Wednesday, 4 December 2013

London Code Dojo 29

Monday was London Code Dojo 29 and this time we were in Shoreditch in office. Not the most productive dojo but I learnt some philosophical lessons about myself and my code!


The kata for the night was "Rock Scissors Paper" but this time there was a twist in that we had to implement HTTP servers to play the game. The idea was that you would have two "player" servers which responded to requests with a move. On top of this you would have a "referee" server presiding over a game and deciding who won.

The specification was a little bit vague beyond this and we wasted a fair amount of time getting to grips with the problem. Overall I felt the added complexity of dealing with HTTP hindered the learning experience. I paired with Ian and what code we did manage to produce is here:


Understand the scope of the problem

Getting a grasp of the problem at hand is incredibly hard in almost any situation beyond the very simple. Accepting the fact that you are unsure on how to proceed and having an "iteration zero" for setup and learning is invaluable. On the flip side this needs to be balanced with over-designing the problem...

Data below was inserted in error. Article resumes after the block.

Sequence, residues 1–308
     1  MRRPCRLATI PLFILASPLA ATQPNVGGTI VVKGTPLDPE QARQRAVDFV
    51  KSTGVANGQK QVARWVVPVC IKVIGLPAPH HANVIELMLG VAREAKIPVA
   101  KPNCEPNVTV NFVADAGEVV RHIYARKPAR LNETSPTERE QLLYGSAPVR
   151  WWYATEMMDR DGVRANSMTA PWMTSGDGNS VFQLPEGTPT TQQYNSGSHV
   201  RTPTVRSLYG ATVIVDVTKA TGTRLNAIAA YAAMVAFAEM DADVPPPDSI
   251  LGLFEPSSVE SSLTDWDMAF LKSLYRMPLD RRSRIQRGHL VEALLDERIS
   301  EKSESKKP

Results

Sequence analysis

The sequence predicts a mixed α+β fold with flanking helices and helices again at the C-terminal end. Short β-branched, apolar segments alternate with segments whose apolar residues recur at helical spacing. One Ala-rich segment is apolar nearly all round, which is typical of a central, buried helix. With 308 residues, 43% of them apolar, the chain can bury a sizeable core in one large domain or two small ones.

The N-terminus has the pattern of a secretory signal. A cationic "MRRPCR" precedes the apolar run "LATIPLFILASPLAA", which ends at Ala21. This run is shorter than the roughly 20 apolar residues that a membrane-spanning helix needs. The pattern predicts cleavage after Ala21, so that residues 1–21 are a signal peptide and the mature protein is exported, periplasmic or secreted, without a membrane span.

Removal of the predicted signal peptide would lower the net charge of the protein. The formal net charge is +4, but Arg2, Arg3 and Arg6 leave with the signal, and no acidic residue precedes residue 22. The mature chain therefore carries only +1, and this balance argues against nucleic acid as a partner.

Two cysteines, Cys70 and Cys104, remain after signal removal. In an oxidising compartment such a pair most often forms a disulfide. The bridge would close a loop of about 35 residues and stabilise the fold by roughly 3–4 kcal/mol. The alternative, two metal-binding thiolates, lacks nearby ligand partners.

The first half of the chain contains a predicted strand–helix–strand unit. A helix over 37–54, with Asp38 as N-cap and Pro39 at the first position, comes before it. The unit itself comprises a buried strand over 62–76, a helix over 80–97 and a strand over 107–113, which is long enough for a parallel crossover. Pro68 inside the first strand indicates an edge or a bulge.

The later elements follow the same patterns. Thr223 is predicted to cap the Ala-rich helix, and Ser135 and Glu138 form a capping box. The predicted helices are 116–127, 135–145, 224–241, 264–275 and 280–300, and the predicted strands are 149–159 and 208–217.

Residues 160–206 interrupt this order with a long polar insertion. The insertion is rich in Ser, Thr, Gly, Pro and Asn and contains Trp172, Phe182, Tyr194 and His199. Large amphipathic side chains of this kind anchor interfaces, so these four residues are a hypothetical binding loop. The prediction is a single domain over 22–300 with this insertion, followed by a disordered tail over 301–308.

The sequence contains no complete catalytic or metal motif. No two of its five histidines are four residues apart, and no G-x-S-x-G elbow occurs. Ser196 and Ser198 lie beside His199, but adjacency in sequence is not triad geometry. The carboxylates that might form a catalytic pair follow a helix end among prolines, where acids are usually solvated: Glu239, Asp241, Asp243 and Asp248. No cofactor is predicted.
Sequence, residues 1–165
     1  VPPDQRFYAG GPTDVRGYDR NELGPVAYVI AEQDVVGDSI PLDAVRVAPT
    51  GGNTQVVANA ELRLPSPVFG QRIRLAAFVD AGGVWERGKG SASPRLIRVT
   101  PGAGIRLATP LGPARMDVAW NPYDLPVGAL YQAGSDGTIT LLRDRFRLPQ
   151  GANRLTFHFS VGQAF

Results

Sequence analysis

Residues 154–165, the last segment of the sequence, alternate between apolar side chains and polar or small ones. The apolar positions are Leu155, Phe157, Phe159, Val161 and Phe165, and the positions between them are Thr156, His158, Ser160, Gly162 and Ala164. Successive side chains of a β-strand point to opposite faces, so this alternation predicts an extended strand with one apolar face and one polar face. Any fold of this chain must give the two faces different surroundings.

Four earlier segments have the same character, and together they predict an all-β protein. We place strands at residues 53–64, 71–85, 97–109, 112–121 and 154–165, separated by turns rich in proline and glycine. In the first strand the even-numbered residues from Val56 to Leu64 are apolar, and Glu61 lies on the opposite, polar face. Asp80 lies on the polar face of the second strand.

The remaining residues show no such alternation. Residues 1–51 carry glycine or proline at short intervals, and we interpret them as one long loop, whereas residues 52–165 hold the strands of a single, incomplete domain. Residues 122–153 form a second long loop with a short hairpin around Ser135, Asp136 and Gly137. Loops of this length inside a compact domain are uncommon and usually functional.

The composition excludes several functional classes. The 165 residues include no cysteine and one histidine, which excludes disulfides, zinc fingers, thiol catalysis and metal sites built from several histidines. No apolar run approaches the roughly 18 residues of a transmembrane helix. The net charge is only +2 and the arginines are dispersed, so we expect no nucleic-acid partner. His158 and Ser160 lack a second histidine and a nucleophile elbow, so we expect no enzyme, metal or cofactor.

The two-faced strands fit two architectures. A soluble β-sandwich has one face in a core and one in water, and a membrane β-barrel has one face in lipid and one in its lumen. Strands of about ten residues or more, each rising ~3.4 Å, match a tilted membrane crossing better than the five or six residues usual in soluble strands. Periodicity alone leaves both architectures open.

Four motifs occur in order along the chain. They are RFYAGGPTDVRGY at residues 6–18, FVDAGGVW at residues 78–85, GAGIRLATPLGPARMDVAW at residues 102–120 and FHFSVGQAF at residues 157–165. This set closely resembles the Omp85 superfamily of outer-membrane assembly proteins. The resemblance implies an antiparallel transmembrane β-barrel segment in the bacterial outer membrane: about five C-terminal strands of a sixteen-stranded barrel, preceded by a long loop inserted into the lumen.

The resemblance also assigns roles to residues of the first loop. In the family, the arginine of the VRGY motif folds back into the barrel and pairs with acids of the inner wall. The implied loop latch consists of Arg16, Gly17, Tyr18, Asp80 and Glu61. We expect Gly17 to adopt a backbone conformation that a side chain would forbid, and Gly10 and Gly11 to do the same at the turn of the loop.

Dealing with new technology REALLY slows you down

I have rarely dealt with writing RESTful services in Java from scratch and approaching the problem was difficult. I reckon we lost a good half an hour getting our heads around whether we had to deal with HTTP errors and what level of testing to start with.


Discover a solution with small steps
When pairing with someone new, even if you are both used to approaching a problem top-down with overarching integration tests, it can be more productive to take some small steps to begin with. This way you can get used to each other's TDD quirks and flesh out any misunderstandings. 

Focus hard on learning

As with most things, it can be very easy to get caught up in what you are doing and lose sight of why you are doing it. In dojo's I am still far too focussed in the problems and not thinking hard enough on good practice. Perhaps next time I will make a plan for how I am going to learn and see if I can strictly stick to it...

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